Moose

Moose
2011-2018
Our Boy of Boundless Love

It was the day after the birds started singing their Spring songs that Moose died. He lived with gusto and exuberance until Feb 2017 when we discovered that a compressed disc was causing him pain. He was treated with acupuncture, laser, managed exercise and medication successfully for over a year. This helped him lead a much diminished but happy life. His last gift to me was to let me know by sighs, facial expression and yelps that the pain, or fear of it, had become unbearable. We knew it was
time. He died peacefully, surrounded by family and friends.

Moose could not run anymore but I could see him moving his legs as he dreamt about it. He could not play with dog friends but he gratefully buried his nose in their passing pawtracks and wildly wagged his tail. He occasionally risked a brief frolic. But Moose was more of a lover than an athlete and what he could do was LOVE. He surrendered to possibility. He was generous with his affection. He assumed love, thus inviting it. He would boldly sit on the feet of strangers and make them friends, if even for a moment. When he looked up to someone’s face, he prompted joy. People smiled and said “he likes me.” They were connected to this animal’s faith that he is loved and so are they. He gave cheer and hope. He put a halt to negativity. He was a Buddha in plain sight. He was a teacher who lit up lives. He was (the hardest word is WAS) my furry friend and fellow traveler. He opened hearts. We loved each other.

Maybe Moose was a saint, but for sure, he shared his love and met his mission. I was honored to accompany this therapy dog to Farmers Market, Costco, Barnes & Noble, PT, parks, nursing homes and the Royal Oak library. We were a team. Moose never stopped offering himself up for petting and gazing into human faces with trusting gratitude. His love was pure and simple. He surrendered to it. He loved everyone and had special friends he would yodel and dance in circles for. My little grand daughter could pat his big body and he’d just smile. He appreciated massage, a real Mr Feel-Good. He moaned with pleasure when you rubbed his ears. Mu taught me patience on the journey. His life and death were good.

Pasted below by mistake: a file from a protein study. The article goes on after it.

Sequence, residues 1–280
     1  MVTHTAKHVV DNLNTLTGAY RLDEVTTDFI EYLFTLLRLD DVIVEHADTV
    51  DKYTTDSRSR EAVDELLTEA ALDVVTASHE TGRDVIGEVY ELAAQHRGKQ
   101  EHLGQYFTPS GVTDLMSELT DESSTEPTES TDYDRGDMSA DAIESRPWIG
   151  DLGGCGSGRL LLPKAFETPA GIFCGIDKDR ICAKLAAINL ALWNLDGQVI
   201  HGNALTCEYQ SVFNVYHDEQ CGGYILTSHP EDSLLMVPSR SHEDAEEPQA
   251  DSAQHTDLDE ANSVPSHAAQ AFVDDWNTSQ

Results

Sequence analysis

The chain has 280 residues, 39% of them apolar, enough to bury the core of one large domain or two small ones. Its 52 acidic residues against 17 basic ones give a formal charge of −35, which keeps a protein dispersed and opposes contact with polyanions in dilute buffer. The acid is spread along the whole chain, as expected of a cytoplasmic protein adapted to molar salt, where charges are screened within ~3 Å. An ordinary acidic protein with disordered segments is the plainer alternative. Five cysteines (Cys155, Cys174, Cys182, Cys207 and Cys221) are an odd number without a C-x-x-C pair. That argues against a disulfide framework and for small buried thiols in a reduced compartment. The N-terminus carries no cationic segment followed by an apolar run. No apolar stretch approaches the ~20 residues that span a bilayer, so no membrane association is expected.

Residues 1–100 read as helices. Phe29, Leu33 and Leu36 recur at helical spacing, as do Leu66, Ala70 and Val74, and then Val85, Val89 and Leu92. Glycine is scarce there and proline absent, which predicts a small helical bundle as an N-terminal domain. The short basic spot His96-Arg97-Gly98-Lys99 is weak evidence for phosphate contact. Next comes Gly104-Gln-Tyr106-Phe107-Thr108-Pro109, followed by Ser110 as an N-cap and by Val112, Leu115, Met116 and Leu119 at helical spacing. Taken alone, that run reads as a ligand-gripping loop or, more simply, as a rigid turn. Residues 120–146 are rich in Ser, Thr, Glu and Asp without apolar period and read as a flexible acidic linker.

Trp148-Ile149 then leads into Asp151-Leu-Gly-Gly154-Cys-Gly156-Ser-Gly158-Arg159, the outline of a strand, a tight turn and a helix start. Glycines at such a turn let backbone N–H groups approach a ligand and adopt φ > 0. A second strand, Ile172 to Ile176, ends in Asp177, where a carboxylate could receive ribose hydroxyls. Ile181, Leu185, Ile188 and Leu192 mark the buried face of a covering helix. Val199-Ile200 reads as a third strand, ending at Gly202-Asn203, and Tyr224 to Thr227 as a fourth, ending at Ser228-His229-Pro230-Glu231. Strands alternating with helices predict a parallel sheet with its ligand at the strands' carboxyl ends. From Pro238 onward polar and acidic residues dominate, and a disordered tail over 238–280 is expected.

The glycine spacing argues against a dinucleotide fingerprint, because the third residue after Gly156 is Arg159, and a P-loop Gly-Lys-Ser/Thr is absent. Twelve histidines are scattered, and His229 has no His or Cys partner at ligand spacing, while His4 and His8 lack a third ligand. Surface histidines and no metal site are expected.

Today it rains and his ashes sit on the desk. Dog dinner time has come and gone. The cat is walking around the house in circles looking for Moose. But my boy is not here to go around the block. He never did like rain but rain, like sorrow, is essential to life. “Be grateful for grief” I tell myself, its the price of love, part of the existential equation. Fair enough? If God has a plan, Moose lived according to it. If there is a heaven, he is there. Some children said “Dogs go to heaven because they are good,” “if only people were in heaven it would be boring” and “God wants company.” Moose is now part of the great community of all beings, no more or less than a human, remembered and loved by many. Thank you to all who have cared for him. He cared for you.

As we approach Easter Sunday, in hope of Resurrection

Peace, Ann and Moose

  • April 9, 2018
    What a beautiful tribute! I’m so sorry for your loss. We just lost our dog Hazel this past weekend (4/8) and I’m absolutely overcome with grief and sadness. Reading your words helps me with the pain. Maybe Moose and Hazel have become friends on the Rainbow Bridge ❤️🧡💛💚💙

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